Why Cook With Cannabis?
Recipes for those in places where this nouveau cuisine might be helpful
(Editor’s note: Pot became a symbol of the 1960s and 1970s. When you smoked it, you were saying: I’m not The Man. You could wear its leafy symbol on a T-shirt, imbibe it from a bong or bake it into brownies.
Now, decades later, marijuana has become legal for adults in some states as a recreational drug and in others as a legitimate medication to combat everything from chronic pain to seizures to nausea caused by cancer treatment.
How Fiber Protects Your Heart
Lisa Cimperman has a family history of high cholesterol and heart disease, so she knew she had to watch what she ate. But a few years ago she decided to take things a step further, when a routine test revealed that her cholesterol had crept up to 210 -- borderline high for a woman in her 30s who is otherwise pretty healthy.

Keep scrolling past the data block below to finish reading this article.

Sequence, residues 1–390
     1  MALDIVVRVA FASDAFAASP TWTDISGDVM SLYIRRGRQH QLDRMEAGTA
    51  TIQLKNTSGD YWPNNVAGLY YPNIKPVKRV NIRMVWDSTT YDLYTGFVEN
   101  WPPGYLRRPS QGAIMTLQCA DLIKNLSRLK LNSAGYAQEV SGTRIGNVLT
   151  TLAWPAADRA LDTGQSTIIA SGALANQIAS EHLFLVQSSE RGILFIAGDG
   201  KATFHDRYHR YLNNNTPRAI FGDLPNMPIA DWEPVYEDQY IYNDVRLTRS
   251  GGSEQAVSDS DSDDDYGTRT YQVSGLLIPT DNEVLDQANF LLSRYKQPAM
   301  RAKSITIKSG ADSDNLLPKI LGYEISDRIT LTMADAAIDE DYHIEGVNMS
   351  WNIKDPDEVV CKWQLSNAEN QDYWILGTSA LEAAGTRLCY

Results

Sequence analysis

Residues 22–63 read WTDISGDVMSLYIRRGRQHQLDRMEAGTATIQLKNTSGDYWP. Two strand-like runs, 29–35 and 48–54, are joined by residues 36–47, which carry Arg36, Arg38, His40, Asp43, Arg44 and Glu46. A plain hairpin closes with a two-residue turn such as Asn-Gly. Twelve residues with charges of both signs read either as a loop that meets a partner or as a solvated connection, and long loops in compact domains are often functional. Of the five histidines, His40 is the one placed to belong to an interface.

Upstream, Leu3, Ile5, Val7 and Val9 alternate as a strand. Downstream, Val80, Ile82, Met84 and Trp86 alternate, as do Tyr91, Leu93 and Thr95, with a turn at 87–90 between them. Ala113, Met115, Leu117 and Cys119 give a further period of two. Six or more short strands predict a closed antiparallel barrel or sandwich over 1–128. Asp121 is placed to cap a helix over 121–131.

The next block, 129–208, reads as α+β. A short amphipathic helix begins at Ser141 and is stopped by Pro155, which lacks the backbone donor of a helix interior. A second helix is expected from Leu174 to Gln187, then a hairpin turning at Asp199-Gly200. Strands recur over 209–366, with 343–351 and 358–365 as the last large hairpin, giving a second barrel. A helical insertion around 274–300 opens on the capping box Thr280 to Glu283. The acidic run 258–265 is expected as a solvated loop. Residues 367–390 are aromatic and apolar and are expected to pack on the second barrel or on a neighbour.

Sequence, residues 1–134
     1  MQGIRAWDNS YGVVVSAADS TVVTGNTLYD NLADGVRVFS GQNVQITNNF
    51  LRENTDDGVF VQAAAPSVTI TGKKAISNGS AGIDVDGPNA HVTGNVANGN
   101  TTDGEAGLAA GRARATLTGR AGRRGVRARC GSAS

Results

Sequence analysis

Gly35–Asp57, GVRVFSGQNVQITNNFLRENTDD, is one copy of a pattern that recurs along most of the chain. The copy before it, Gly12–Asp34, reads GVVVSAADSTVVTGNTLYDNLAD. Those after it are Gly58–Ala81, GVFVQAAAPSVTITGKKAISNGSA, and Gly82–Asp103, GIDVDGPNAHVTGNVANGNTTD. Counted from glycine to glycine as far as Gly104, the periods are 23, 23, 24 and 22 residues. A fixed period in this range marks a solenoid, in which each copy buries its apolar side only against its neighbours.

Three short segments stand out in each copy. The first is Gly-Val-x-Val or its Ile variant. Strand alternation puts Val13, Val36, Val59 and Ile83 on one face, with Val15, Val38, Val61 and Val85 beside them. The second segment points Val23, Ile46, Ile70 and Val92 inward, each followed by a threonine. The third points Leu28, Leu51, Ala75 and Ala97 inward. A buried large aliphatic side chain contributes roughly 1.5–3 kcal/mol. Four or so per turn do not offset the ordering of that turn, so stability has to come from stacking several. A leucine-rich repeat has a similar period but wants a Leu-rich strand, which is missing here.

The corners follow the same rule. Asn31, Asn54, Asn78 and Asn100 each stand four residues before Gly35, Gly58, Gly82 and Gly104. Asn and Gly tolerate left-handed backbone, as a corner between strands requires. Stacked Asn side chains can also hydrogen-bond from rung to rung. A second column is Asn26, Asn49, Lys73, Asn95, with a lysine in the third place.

Cimperman, a clinical dietician at University Hospitals Case Medical Center, replaced nearly all of the lean meat in her diet with fiber-rich beans, chickpeas, lentils, and legumes.
Fiftysomething Diet: 5 Foods That Will Bring Your Blood Pressure Down
Consuming natural foods and cutting out salt will help you avoid heart disease
High blood pressure, also known as “the silent killer,” is an epidemic in our nation. It typically has no warning signs or symptoms, and many people don’t realize they have it, which is why we must all get it checked regularly. Over time, unaddressed elevated blood pressure can have disastrous consequences including stroke, heart attack, blindness and kidney failure.
Kids Are Eating Way More Fast Food Than You'd Think, or Hope
More than a third of American kids get their daily calories from fast food restaurants.
If you thought that most families reserved fast food for a once-in-a-while or weekend treat, you'd be wrong. According to a new report from the Centers for Disease Control and Prevention’s National Center for Health Statistics, 34 percent of children aged two to 19 eat fast food on any given day. Perhaps most surprisingly, the analysis revealed that economic status, race and gender have little to do with who's eating the stuff.